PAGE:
The facts have changed, now we must change too. For the past 10 years an unlikely coalition of geologists, oil drillers, bankers, military strategists and environmentalists has been warning that peak oil — the decline of global supplies — is just around the corner. We had some strong reasons for doing so: Production had slowed, the price had risen sharply and depletion was widespread and appeared to be escalating. The first of the great resource crunches seemed about to strike.
Among environmentalists it was never clear, even to ourselves, whether or not we wanted it to happen. It had the potential both to shock the world into economic transformation, averting future catastrophes and to generate catastrophes of its own, including a shift into even more damaging technologies, such as bio-fuels and petrol made from coal. Even so, peak oil was a powerful lever. Governments, businesses and voters who seemed impervious to the moral case for cutting the use of fossil fuels might, we hoped, respond to the economic case.
Some of us made vague predictions, others were more specific. In all cases we were wrong. In 1975, M.K. Hubbert, a geoscientist working for Shell who had correctly predicted the decline in US oil production, suggested that global supplies could peak in 1995. In 1997 the petroleum geologist Colin Campbell estimated that it would happen before 2010. In 2003 the geophysicist Kenneth Deffeyes said he was “99 percent confident” that peak oil would occur in 2004. In 2004, the Texas tycoon T. Boone Pickens predicted that “never again will we pump more than 82 million barrels” per day of liquid fuels. (Average daily supply in May was 91 million.) In 2005 the investment banker Matthew Simmons maintained that “Saudi Arabia... cannot materially grow its oil production.” (Since then its output has risen from 9 million barrels a day to 10 million, and it has another 1.5 million in spare capacity.)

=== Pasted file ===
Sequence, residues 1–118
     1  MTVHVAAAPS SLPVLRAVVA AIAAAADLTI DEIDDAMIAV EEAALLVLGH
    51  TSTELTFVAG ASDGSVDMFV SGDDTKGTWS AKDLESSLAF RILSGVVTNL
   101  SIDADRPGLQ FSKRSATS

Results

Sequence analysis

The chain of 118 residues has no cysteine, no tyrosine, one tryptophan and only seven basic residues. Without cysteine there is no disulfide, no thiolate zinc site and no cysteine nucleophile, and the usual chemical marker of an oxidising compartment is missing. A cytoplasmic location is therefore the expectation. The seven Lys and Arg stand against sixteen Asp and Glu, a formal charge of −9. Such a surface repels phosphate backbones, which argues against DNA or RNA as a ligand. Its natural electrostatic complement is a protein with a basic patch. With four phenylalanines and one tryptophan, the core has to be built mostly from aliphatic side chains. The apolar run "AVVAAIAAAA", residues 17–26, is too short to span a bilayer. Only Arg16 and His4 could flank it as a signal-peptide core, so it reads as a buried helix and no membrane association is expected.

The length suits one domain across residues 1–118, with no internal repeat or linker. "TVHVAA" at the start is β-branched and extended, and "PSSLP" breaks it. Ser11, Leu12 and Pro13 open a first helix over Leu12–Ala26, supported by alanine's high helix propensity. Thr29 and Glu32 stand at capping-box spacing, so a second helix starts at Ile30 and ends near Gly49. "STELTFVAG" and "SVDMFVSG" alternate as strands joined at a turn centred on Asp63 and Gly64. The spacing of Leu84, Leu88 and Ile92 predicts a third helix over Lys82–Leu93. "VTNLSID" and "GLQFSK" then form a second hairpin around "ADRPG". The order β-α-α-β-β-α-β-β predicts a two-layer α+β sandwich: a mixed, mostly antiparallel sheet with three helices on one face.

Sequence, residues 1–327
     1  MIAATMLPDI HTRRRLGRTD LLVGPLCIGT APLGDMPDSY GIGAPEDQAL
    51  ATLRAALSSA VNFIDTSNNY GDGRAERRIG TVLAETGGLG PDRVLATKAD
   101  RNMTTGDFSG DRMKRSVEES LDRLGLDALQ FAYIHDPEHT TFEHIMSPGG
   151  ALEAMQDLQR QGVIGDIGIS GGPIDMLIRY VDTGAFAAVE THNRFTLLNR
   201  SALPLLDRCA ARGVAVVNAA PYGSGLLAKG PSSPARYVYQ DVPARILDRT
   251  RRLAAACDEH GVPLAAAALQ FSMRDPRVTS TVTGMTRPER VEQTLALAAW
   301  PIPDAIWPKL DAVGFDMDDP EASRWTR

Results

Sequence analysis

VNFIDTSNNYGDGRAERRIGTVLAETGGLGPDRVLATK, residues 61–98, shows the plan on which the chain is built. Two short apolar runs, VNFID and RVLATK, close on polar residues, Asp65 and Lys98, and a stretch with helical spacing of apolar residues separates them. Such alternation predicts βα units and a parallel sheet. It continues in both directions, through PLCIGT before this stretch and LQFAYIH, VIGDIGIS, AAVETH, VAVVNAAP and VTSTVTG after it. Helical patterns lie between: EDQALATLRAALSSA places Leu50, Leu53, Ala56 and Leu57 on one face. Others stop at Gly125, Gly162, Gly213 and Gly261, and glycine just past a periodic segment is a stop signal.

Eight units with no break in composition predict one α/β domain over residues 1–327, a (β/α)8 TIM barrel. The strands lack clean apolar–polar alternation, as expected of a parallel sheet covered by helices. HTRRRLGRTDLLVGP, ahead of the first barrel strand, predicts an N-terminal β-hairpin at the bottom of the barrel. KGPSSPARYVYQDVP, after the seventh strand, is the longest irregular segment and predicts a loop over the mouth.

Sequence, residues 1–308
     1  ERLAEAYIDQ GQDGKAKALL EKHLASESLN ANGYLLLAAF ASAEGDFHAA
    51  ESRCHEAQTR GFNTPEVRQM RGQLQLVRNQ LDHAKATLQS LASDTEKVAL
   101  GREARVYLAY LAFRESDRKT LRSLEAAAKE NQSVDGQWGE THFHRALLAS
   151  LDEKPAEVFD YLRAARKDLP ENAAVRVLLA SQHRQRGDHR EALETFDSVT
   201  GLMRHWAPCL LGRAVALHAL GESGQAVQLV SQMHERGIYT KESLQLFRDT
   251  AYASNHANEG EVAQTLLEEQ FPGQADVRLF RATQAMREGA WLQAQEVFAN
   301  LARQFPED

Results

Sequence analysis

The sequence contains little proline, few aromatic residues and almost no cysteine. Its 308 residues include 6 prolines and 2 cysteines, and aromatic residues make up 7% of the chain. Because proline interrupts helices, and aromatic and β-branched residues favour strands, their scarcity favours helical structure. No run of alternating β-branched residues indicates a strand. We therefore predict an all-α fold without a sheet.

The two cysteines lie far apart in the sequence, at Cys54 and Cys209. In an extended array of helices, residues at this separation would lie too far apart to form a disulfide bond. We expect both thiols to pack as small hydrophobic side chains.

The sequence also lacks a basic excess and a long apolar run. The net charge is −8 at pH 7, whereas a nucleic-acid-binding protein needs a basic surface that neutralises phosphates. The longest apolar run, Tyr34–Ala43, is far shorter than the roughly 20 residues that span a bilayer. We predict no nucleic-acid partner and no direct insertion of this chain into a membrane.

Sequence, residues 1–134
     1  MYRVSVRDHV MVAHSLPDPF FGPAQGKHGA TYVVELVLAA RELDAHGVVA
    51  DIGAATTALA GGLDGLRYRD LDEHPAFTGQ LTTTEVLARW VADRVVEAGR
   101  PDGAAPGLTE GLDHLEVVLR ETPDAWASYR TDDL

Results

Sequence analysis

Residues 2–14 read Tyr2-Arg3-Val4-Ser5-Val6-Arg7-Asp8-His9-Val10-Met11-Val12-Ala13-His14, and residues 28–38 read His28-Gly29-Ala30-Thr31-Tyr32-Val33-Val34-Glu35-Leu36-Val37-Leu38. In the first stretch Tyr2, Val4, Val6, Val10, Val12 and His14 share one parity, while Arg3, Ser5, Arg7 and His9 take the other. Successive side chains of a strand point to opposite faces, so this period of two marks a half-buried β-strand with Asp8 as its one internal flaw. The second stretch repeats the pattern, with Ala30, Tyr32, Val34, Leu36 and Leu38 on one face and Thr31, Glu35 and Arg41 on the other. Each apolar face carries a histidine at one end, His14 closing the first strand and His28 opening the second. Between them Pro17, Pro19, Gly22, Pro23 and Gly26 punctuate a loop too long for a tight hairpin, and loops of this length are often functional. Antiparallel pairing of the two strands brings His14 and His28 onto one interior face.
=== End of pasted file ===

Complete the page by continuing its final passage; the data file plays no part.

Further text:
Peak oil hasn’t happened, and it’s unlikely to happen for a very long time.
A report by the oil executive Leonardo Maugeri, published by Harvard University, provides compelling evidence that a new oil boom has begun. The constraints on oil supply over the past 10 years appear to have had more to do with money than geology. The low prices before 2003 had discouraged investors from developing difficult fields. The high prices of the past few years have changed that.
Maugeri’s analysis of projects in 23 countries suggests that global oil supplies are likely to rise by a net 17 million barrels per day (to 110 million) by 2020. This, he says, is “the largest potential addition to the world’s oil supply capacity since the 1980s.” The investments required to make this boom happen depend on a long-term price of US$70 a barrel — the current cost of Brent crude is US$95. Money is now flooding into new oil: US$1 trillion has been spent in the past two years; a record US$600 billion is lined up for this year.
The country in which production is likely to rise most is Iraq, into which multinational companies are now sinking their money, and their claws. However, the bigger surprise is that the other great boom is likely to happen in the US. Hubbert’s peak, the famous bell-shaped graph depicting the rise and fall of US oil, is set to become Hubbert’s Rollercoaster.
Investment in Iraq will concentrate on unconventional oil, especially shale oil (which, confusingly, is not the same as oil shale). Shale oil is high-quality crude trapped in rocks through which it doesn’t flow naturally.